Jon McLurg has a very gentle, soft, and delicate voice, almost whispery, and the music surrounding him plays to that, never hurrying even when a tad up tempo ("Blue Pinstripes" and etc.), forever attentive to fading snapshots from the old days...especially when they're a matter of modern times sieved through sepia tones and provincial lacework. His band clearly loves the Americana refrains and essences flowing through *The Auctioneer*, all sinuously gliding beside him through 11 excellent songs while Chris C. dubs in resonant vocal accompaniments.
McLurg has a way with words as well, and it greatly cements his folkie bent, exceeding much of what is otherwise too carelessly scribed in genre lyricry:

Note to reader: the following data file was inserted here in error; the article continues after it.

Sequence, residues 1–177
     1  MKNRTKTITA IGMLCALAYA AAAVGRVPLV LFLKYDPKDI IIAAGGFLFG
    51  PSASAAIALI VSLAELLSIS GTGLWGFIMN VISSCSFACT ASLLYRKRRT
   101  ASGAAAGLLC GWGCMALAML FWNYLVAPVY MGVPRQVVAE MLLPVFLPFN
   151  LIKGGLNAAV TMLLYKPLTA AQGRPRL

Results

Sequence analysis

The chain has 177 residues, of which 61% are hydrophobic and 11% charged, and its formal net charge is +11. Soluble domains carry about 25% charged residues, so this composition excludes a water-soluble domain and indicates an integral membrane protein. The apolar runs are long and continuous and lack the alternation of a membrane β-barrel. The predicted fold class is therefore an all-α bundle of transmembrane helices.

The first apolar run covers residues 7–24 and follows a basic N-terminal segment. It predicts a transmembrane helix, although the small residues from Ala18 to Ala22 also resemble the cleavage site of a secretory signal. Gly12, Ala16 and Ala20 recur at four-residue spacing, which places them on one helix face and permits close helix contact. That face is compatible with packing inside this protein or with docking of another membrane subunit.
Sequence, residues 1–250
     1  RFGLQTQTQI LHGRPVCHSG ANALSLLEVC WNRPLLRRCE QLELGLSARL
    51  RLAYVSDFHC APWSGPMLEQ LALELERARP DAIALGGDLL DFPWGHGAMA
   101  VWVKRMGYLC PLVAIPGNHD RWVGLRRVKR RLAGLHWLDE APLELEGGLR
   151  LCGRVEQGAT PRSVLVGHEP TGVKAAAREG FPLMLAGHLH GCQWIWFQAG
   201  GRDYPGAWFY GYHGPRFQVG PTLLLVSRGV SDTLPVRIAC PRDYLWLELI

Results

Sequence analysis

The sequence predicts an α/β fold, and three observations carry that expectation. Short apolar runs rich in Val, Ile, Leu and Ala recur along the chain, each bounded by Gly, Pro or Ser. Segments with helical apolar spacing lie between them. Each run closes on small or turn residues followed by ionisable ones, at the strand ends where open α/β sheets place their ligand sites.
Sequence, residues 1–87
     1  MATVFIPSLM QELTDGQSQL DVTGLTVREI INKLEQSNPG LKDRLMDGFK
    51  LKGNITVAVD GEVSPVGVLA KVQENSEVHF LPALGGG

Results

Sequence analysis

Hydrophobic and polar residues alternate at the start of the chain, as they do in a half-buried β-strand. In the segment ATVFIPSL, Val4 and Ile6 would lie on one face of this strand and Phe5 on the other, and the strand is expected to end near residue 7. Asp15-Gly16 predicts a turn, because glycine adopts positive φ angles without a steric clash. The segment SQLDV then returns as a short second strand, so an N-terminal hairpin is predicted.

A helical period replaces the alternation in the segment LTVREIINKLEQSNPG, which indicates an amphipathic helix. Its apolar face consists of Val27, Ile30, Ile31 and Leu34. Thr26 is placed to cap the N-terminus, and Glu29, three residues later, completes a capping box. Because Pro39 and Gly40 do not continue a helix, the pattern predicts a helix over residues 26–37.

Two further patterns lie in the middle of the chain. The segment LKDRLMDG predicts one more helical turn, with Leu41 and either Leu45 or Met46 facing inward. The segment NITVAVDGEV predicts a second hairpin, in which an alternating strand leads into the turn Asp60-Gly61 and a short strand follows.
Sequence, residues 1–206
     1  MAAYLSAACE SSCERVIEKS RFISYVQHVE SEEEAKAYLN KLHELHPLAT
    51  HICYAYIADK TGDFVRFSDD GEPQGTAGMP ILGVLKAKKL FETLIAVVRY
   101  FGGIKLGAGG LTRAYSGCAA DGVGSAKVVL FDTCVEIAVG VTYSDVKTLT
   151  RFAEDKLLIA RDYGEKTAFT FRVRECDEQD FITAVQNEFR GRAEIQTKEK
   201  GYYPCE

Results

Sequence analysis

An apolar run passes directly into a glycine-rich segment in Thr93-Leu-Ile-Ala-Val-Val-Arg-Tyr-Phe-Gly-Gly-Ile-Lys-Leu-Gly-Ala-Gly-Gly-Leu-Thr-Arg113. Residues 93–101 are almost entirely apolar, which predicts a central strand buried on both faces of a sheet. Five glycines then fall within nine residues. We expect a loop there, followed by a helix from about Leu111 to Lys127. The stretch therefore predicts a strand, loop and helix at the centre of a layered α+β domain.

Passion is the power
That's from the title cut, and that's poetry with insight and cleverness worthy of the form's better days. Or consider this from Etta Baker:
When I asked "Why should I try?"
That last line can slay, digging into profundity in a way that quietly shocks. Poetry was never meant to be a diary but rather a search for the marriage of thought, words, and meter in a way that forces the reader to stow the words away and ponder their vectors (or, as John Cage said, it's where the world of words enters the world of music). When it's set, as here, in undulating rhythms and careful instrumental understatement (despite the somewhat lush atmospheres), it gains even more in the unexpected tapping of the shoulder and knowing smile from a narrative that looks into your soul. Then the subtlety of the delivery quietly pours into insight with knowing discretion and you find yourself years later remembering the refrain and still thinking about it.
Edited by: David N. Pyles
Copyright 2009, Peterborough Folk Music Society.
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